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Appeals court reinstates gag order that barred Trump from maligning court staff in N.Y. fraud trial

Former president Donald Trump.Eric Gay/Associated Press

NEW YORK — A New York appeals court Thursday reinstated a gag order that barred Donald Trump from commenting about court personnel after he continually disparaged a law clerk in his New York civil fraud trial.

The one-sentence decision from a four-judge panel came two weeks after an individual appellate judge had put the order on hold while the appeals process played out.

Trial judge Arthur Engoron, who imposed the gag order, said he now planned to enforce it “rigorously and vigorously.”

Trump attorney Christopher Kise called it “a tragic day for the rule of law.”

Engoron imposed the initial gag order Oct. 3 after Trump posted a derogatory comment about the judge’s law clerk to social media. The post, which included a baseless allegation about the clerk’s personal life, came the second day of the trial in New York Attorney General Letitia James’ lawsuit.

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James’ lawsuit alleges Trump exaggerated his wealth on financial statements used to secure loans and make deals. Trump denies any wrongdoing. The former president, now the front-runner for the Republican 2024 presidential nomination, contends the lawsuit is a political attack by James, a Democrat.

Over the trial’s first few weeks, Engoron fined Trump $15,000 for violating the gag order. The judge expanded the order — which initially covered only parties in the case — to include lawyers after Trump’s attorneys questioned clerk Allison Greenfield’s prominent role on the bench, where she sits alongside the judge, exchanging notes and advising him during testimony.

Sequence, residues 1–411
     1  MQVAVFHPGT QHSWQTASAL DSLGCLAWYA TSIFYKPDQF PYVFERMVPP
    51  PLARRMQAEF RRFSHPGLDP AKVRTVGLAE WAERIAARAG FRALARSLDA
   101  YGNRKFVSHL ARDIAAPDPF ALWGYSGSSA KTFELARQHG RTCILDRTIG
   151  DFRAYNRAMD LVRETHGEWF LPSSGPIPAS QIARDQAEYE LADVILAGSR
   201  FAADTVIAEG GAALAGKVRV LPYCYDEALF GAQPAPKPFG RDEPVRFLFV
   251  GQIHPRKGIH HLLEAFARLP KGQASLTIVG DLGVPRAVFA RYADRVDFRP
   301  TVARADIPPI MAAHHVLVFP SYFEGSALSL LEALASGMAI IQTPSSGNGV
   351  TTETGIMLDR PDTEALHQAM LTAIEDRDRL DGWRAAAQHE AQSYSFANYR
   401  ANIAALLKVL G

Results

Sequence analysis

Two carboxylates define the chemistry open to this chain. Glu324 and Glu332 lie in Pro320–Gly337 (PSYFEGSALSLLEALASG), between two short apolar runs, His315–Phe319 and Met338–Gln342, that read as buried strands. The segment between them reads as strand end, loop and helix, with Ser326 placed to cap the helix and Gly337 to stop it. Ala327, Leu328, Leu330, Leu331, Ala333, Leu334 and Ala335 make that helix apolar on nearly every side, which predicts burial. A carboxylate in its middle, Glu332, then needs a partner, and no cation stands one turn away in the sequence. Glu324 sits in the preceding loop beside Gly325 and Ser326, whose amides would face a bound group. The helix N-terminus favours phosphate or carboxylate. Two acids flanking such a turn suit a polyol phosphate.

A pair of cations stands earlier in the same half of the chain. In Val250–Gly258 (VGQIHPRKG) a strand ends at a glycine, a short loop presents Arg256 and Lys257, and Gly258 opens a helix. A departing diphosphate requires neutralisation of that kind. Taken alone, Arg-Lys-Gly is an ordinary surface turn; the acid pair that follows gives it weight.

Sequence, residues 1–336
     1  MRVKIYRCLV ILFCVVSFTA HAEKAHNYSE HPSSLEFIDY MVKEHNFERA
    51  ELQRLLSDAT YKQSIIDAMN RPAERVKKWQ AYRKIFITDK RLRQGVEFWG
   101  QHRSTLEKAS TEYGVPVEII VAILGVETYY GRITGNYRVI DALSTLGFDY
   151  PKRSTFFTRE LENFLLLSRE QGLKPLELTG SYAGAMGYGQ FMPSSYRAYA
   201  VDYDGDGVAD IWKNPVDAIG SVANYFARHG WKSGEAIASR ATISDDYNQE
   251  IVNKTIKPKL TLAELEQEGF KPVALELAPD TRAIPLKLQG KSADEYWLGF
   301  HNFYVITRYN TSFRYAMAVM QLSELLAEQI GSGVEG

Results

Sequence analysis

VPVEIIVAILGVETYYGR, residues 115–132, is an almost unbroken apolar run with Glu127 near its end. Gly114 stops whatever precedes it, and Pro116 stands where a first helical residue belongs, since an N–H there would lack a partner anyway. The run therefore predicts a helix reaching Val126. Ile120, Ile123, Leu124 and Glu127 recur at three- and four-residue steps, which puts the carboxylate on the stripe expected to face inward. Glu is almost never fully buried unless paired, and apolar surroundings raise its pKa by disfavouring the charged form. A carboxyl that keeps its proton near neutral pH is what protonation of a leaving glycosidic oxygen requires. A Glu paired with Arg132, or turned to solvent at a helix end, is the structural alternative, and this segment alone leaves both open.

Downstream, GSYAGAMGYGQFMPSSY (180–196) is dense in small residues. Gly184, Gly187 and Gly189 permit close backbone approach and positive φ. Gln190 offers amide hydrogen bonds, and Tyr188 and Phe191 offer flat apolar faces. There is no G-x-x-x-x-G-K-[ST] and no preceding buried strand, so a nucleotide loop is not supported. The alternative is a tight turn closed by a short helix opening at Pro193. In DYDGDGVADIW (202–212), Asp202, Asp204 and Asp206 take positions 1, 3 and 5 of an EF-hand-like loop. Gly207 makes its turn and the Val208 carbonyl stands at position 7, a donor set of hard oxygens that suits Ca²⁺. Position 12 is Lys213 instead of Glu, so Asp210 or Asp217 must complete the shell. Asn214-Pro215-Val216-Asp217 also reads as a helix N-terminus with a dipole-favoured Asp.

Trump’s lawyers filed a lawsuit against Engoron, challenging his gag order as an abuse of power.

State lawyers had sought to tie Trump’s comments to an uptick in nasty calls and messages directed at the judge and law clerk.

A court security captain wrote in a sworn statement last week that Greenfield has been receiving 20-30 calls per day to her personal cell phone and 30-50 messages per day on social media, LinkedIn and to two personal email addresses.

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The captain reported that Greenfield received enough harassing voicemails to fill a transcript with 275 single-spaced pages, and that about half the harassing and disparaging messages to her were antisemitic.

Trump’s lawyers had argued that while messages and calls were “vile and reprehensible,” he shouldn’t be muzzled because of other people’s bad behavior. Trump never called for violence against Greenfield, nor did he or his lawyers ever encourage or condone harassment and threats, the attorneys wrote in a court filing.

They argued that the gag order infringed on his free speech rights.

“As the front-runner for the 2024 Republican presidential nomination and as a citizen on trial, President Trump is well within his rights to comment on what he perceives as bias,” Trump’s lawyers wrote.

While the order was on hold, Trump posted about Greenfield as recently as Wednesday, referring to the judge’s “very disturbed and angry law clerk.”

Trump is due to testify in the case, for a second time, Dec. 11.